Friday, March 5, 2021

There is a double benefit on investing in the post, a good return and tax exemption



There is a double benefit on investing in the post, a good return and tax exemption


The tax saving season is on and both the salaried and non-salaried taxpayers would have started comparing tax saving investment options. As an investor, one should look for investment options that not only helps you save tax but also generate tax-free income.



ગુજરાતી ન્યુઝ રિપોર્ટ અહિંથી વાંચો


This year, you have to keep one more thing in mind -- the income tax regime you have opted for. From FY 2020-21, an individual can continue with the old/existing tax regime by availing of existing deductions and tax exemptions. He/she also has the option to opt for the new, concessional tax regime without claiming any deductions and tax exemptions. The tax benefits one forgoes by opting for the new tax regime include deductions under: section 80C for a maximum of Rs 1.5 lakh claimed by investing in specified financial products, section 80D for health insurance premium paid, 80TTA for deduction on savings account interest earned from a bank or post office etc. (New vs existing tax regime: All you need to know)


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Choosing the right tax saver
While choosing the right tax saver, among several other factors such as safety, liquidity and returns, make sure you understand how the returns would be taxed. If the income earned is taxable, the scope to make money over the long run gets constrained as taxes will eat into your returns.


ADVERTISEMENTIn tax-saving financial products like the National Savings Certificate (NSC), Senior Citizens' Savings Scheme (SCSS), 5-year time deposits with banks and post offices, the interest amount gets added to your income and therefore is liable to be entirely taxed.



So, even though they help you save tax for the current year, the interest income becomes a tax liability each year till the end of the tenure. "One must note that (taxable tax savers) instruments will help in saving the tax to an eligible limit both on investments and on maturity. Since they come with tax benefits, the returns on them are likely to be below the market returns," said Anil Rego, cheif executive officer and founder of Right Horizons.


The post-tax return in a taxable instrument comes down after factoring in tax. For someone who pays 30 percent tax, the post-tax return on a 5-year bank fixed deposit of 7 per cent is 4.9 per cent per annum, excluding the surcharge.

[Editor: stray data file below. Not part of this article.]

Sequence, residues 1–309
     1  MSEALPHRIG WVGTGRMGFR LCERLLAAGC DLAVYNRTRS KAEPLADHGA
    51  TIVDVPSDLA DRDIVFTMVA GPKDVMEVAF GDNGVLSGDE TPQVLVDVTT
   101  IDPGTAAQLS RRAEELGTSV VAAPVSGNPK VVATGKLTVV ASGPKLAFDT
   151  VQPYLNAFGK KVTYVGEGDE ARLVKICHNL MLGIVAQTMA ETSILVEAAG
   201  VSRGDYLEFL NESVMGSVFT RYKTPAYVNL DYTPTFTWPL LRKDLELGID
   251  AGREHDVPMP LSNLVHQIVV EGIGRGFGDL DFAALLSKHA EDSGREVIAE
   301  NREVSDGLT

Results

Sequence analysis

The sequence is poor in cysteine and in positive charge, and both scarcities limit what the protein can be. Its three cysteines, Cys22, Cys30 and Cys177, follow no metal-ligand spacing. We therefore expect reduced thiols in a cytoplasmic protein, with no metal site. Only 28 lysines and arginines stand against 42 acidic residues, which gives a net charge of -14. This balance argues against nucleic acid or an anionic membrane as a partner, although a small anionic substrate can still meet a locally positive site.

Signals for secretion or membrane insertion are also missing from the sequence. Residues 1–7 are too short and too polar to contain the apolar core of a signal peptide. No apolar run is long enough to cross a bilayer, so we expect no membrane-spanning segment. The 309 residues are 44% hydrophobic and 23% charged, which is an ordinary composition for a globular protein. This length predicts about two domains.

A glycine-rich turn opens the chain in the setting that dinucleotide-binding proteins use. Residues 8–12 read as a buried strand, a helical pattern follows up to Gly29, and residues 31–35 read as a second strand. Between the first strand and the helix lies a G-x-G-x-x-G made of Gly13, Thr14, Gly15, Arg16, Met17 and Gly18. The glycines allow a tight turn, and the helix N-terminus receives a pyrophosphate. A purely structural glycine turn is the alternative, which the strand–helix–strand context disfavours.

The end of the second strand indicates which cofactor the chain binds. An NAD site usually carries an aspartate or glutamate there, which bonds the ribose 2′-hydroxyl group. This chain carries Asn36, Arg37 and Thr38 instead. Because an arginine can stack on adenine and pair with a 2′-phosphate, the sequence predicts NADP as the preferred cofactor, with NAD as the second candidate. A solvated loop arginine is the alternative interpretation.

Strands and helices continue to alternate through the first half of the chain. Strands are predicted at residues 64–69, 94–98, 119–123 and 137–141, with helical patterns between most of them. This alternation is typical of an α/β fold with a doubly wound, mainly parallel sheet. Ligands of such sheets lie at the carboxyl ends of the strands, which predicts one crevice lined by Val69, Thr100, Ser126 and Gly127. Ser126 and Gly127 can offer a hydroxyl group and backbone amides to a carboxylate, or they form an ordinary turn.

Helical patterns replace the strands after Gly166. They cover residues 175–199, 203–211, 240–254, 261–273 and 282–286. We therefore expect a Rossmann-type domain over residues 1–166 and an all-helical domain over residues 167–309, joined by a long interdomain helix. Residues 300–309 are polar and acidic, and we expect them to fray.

They can still be tax-exempt income if even after adding the interest income, the individual's total income remains within the exemption limit as provided by income tax rules. This tax rebate is available in both tax regimes.


ADVERTISEMENTWith effect from FY 2019-20, an individual is eligible for tax rebate under section 87A of up to Rs 12, 500 if the next taxable income does not exceed Rs 5 lakh. This would mean that the final liability is zero if the net taxable income does not exceed Rs 5 lakh.


But, for most others especially those earning a salary or having income from business or profession, choosing tax savers that come with E-E-E status helps. The investment in these get EEE benefit i.e. exempt- exempt- exempt status on the income earned. The principal invested qualifies for deduction under Section 80C of the Income Tax Act, 1961 and the income in all of them is tax exempt under Section 10.


Here are few such tax savers that not only help you save tax but also help you earn tax-free income. But, not all are the same in terms of features and asset-class, so making the right choice is essential.


1.EQUITY-LINKED SAVINGS SCHEMES
* From April 1, 2018 any LTCG made on transfer of equity MFs that have an equity exposure of 65 per cent or more including Equity-linked savings schemes (ELSS) will have to pay a 10 per cent tax on long-term gains. It is important to note that gains made above Rs 1 lakh per annum will only be subject to tax and any gains made below that limit in one FY remains tax-exempt. The LTCG made till January 31, 2018, however, remains grandfathered, i.e., those gains remains tax-exempt.


Equity-linked savings schemes (ELSS) are diversified equity mutual funds with two differentiating features - one, investment amount in them qualifies for tax benefit under Section 80C of the Income Tax Act, 1961, up to a limit of Rs 1.5 lakh a year and secondly, the amount invested has a lock-in period of 3 years. Every mutual fund (MF) house offers them and generally uses the word tax-saving in its name to distinguish them from their other mutual fund schemes. The returns in ELSS are not fixed and neither assured but is dependent on the performance of equity markets.
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